Entraining or Awakening: Perceptual Consequences of Visual Stimulation
62.23, Wednesday, 21-May, 10:45 am - 12:30 pm, Talk Room 2
Jess R. Kerlin1, Jane E. Raymond1, Simon Hanslmayr1, Kimron L. Shapiro1; 1School of Psychology, University of Birmingham, U.K.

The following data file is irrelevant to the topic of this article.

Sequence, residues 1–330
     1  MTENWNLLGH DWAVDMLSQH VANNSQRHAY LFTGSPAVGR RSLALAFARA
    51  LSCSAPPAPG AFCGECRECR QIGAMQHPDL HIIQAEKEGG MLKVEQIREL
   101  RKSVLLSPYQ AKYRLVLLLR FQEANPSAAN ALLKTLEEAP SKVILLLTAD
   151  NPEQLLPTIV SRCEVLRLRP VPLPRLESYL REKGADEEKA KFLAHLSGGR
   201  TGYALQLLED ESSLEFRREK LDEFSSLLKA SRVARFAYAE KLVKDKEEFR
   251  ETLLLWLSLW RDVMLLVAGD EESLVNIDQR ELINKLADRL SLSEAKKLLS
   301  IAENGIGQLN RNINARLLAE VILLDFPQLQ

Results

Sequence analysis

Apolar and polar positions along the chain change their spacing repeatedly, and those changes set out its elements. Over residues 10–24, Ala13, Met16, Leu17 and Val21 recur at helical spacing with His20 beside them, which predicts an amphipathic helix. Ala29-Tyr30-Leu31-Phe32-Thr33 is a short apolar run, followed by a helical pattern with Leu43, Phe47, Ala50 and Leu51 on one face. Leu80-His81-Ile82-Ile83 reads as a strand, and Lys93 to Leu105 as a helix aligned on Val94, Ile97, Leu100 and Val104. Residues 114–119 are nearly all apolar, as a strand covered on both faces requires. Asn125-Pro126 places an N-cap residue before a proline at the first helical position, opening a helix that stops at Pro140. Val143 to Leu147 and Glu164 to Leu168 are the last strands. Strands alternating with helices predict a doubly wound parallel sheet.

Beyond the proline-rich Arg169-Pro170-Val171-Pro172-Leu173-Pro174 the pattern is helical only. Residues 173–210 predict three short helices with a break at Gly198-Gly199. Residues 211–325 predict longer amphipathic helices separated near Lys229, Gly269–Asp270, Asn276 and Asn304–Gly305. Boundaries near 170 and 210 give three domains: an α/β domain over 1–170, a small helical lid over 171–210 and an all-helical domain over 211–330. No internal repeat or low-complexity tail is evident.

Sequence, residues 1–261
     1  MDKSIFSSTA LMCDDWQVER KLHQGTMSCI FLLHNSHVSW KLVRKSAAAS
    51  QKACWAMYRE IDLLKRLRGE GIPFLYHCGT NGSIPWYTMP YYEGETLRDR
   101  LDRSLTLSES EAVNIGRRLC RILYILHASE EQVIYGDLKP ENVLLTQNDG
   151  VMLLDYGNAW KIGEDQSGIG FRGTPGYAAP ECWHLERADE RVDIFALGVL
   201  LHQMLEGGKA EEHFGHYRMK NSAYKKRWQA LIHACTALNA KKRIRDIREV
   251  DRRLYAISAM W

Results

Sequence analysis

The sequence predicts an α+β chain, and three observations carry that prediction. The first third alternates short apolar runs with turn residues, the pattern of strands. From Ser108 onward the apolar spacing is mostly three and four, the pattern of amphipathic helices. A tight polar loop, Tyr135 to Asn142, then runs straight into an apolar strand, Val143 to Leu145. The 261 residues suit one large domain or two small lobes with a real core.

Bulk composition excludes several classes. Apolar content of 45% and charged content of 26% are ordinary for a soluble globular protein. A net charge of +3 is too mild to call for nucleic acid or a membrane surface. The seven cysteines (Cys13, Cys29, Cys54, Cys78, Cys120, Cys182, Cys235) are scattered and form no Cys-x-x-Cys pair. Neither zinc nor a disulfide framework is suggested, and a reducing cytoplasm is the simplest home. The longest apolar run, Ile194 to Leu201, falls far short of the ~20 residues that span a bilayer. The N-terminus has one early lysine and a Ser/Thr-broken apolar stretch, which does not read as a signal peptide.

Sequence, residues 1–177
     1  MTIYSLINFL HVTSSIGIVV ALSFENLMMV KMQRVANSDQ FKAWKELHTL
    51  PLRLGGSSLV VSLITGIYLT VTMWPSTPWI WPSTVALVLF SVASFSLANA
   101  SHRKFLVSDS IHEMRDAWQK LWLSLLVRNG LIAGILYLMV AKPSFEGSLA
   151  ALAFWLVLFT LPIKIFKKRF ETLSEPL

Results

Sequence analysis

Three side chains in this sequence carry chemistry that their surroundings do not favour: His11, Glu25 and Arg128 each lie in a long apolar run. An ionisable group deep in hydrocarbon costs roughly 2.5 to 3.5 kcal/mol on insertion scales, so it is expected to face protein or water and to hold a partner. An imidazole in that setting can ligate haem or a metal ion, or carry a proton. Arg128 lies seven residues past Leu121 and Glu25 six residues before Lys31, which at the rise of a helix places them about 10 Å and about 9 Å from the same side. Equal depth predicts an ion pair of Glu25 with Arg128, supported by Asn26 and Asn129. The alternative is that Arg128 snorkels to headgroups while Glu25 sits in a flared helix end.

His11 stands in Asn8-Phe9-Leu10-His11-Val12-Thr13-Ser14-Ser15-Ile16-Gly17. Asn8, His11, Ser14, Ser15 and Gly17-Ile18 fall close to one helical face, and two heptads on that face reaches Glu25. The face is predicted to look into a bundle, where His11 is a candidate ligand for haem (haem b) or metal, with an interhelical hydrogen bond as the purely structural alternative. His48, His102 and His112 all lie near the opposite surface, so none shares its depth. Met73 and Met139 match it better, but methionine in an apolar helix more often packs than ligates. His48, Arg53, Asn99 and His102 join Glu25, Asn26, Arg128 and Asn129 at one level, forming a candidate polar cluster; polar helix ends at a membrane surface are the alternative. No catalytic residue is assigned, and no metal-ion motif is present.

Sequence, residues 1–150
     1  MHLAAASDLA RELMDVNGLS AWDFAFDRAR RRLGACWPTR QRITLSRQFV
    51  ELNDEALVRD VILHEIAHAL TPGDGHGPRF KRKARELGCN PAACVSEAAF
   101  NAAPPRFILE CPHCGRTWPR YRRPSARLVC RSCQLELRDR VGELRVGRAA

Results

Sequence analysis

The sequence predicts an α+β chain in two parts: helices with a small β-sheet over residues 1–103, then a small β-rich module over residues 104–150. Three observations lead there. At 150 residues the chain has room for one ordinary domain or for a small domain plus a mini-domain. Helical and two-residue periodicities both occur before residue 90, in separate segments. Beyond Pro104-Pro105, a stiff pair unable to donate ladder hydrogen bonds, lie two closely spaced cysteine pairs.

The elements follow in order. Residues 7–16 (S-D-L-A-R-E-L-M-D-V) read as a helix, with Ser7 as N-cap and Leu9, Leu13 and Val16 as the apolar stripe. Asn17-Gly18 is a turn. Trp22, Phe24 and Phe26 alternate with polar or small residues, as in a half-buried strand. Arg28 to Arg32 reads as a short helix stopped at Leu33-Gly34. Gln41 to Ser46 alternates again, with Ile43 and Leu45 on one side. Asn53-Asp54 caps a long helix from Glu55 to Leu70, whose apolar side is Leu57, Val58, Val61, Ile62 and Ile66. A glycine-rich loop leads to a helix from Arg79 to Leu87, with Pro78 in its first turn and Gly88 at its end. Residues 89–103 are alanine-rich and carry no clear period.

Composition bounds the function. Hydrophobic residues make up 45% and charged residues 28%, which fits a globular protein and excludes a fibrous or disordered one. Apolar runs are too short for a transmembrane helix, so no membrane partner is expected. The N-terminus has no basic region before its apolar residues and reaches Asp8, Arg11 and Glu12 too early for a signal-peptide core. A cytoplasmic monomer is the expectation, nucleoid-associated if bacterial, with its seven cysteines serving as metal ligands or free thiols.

Recent studies report that rapid serial visual presentation (RSVP) of task-irrelevant stimuli can have significant consequences for the perception of subsequent visual targets. One explanation for this effect is that rhythmic presentation of visual objects entrains visual cortex into a phase-locked oscillatory rhythm, resulting in rapid cycles of enhanced and suppressed perception. An alternative view is that rapid visual presentation leads to rhythm-independent neural state changes in the visual system, with enhancement of processing due to a combination of stochastic resonance (“cortical awakening”) and competition incited by task-irrelevant stimuli. We sought to distinguish between these theories through a series of RSVP experiments measuring single target identification. In Experiments 1 and 2, trains of task-irrelevant black letters were presented at six frequencies between 3.3 and 36 Hz, in and out-of-phase, with a final, backward-masked red target letter. Both in and out-of-phase stimulation versus a control condition facilitated 6AFC forced-choice target identification. In Experiments 3-5, task-irrelevant letters or noise patterns were presented rhythmically and non-rhythmically at 10 Hz, followed by a red target 100 ms later (“in-phase”). In every condition, stimulation resulted in improved performance compared to a control condition, with no significant differences between the rhythmic and non-rhythmic conditions. Finally, Experiment 6 tested a full range of non-harmonic RSVP frequencies and final distractor-to-target asynchrony (DTA) in a 5x5 orthogonal design (n = 80). Stimulation at frequencies 10 Hz and above led to better performance, with poorer performance at DTAs of 35 and 167 ms. No interaction between frequency and DTA was found. The current results are consistent with models of awakening and competition, but inconsistent with oscillatory entrainment models. Perceptual consequences of rapid, task-irrelevant visual stimulation appear to be determined by a combination of “awakening” of the visual system and previously known competition arising from distractors.